There are three very good, very strong and yes very beautiful large exhibitions of sculptures by Lynda Benglis, Leonardo Drew and Richard Serra now on in Chelsea. All three of the shows are boundless in their imagination and impressive in their talent.
The Benglis show is full of her twisty paper wall hangings that are colorful, tactile ( I really wanted to touch them, pat them and maybe give them a soft hug) and recognizable as her work. They are a secure part of her life's work that I have known since the early 70's. She uses paper as wonderfully as she has used all of her materials, and for a startling glimpse there is also a very large aluminum piece that hovers over us like some prehistoric creature, a monster escaped from some ice age.
The paper ones are my favorites though, they look like body parts or plaster casts to encase broken body parts, an arm or maybe a leg. Also wonderful is the latest work from the terrific artist Leonardo Drew who works with a wide range of found materials to make up his large unruly sculptures that intrude from the walls, and sometimes land at our feet. The first thing I thought of was Louise Nelvelson's work because of the prominent use of black wood that Drew uses, but these are their own, his own. The work almost defies definition and really have to be seen to be believed.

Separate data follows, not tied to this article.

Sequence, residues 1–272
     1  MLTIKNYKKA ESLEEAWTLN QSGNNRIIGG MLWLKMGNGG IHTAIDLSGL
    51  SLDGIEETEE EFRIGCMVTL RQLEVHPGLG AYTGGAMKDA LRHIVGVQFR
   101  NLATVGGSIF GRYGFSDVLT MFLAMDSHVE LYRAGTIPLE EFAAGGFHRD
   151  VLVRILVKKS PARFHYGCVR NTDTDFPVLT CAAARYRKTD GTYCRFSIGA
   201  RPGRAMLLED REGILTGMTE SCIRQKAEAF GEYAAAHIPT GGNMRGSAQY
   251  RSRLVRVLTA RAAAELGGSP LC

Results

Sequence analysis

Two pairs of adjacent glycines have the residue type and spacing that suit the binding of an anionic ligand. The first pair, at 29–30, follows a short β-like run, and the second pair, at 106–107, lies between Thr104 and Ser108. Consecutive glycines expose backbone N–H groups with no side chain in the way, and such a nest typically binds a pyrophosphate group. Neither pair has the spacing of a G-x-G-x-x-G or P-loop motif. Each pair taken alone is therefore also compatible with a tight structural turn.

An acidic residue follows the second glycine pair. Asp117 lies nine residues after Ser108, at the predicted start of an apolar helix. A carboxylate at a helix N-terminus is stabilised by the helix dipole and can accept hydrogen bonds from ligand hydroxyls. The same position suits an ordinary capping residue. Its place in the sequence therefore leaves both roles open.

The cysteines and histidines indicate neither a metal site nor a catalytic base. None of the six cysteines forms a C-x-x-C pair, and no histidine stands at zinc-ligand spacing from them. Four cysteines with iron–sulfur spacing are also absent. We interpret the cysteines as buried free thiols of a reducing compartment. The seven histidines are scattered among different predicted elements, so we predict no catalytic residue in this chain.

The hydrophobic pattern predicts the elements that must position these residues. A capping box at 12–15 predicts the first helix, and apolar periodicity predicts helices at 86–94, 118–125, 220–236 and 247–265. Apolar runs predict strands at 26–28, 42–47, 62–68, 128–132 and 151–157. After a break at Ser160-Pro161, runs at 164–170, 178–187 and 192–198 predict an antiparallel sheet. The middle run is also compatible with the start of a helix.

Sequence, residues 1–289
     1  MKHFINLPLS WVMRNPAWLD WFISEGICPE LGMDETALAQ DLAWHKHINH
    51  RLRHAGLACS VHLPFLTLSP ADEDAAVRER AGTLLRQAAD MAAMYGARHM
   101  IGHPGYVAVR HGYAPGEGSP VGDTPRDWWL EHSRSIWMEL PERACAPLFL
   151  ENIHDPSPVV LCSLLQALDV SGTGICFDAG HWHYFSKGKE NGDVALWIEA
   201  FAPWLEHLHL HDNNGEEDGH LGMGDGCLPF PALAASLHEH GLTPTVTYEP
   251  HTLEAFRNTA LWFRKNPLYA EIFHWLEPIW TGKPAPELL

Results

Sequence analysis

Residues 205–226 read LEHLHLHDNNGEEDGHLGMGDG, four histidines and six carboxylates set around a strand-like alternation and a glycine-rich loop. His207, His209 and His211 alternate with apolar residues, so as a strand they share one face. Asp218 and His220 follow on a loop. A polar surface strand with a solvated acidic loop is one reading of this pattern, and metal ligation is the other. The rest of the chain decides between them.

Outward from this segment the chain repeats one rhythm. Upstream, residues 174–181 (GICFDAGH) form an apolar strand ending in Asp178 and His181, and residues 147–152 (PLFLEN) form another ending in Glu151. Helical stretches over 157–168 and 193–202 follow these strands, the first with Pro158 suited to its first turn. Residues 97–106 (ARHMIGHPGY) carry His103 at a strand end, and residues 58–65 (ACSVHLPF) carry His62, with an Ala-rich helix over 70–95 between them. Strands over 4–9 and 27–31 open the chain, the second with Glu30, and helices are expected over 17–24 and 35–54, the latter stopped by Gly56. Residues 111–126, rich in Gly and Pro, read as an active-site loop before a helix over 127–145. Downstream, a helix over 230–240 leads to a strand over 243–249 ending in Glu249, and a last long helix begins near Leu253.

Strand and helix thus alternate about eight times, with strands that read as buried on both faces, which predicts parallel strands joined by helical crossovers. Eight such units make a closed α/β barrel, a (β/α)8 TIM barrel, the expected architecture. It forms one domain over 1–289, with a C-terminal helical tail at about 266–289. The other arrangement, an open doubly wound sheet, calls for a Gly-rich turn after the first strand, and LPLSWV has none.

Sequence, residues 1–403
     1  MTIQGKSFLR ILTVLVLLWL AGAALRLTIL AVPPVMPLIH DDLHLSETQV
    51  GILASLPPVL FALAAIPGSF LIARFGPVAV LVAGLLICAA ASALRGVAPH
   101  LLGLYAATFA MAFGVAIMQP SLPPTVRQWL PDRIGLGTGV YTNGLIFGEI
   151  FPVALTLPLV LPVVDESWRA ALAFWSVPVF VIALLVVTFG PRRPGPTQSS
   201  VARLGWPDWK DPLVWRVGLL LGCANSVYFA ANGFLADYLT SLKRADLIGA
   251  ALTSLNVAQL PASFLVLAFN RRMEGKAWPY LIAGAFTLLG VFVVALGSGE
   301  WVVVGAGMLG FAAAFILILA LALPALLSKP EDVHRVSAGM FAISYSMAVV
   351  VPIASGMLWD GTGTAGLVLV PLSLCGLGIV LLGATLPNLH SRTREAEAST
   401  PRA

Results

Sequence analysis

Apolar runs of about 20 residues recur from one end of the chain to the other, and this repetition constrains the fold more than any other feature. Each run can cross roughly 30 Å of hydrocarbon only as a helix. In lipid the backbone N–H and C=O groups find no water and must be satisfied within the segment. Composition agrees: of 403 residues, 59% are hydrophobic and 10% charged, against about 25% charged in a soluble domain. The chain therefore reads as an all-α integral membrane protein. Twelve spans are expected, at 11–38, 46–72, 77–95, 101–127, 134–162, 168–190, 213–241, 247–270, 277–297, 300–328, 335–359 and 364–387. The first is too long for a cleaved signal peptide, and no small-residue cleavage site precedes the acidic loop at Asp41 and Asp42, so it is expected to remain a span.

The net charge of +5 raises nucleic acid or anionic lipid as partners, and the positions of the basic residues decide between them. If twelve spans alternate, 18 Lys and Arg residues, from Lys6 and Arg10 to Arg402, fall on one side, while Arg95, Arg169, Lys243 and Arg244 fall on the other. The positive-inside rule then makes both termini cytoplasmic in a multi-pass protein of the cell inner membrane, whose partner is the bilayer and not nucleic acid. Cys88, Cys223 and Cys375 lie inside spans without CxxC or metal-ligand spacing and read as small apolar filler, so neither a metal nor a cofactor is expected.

And finally there is a strong display by Richard Serra at the Gagosian Gallery of large steel sculptures that are rich and foreboding as is usual with this great minimal sculptor. I have looked at his work for such a long time, and never tire of his tactile skill at taking steel and making it bloom with touches of texture and scale. This show has large monolithic architectural slabs looming up in one gallery, that might bring to mind tombstones or a future city on some distant planet. There are certainly other shows around but none in the area come close to these three brilliant displays of why art matters.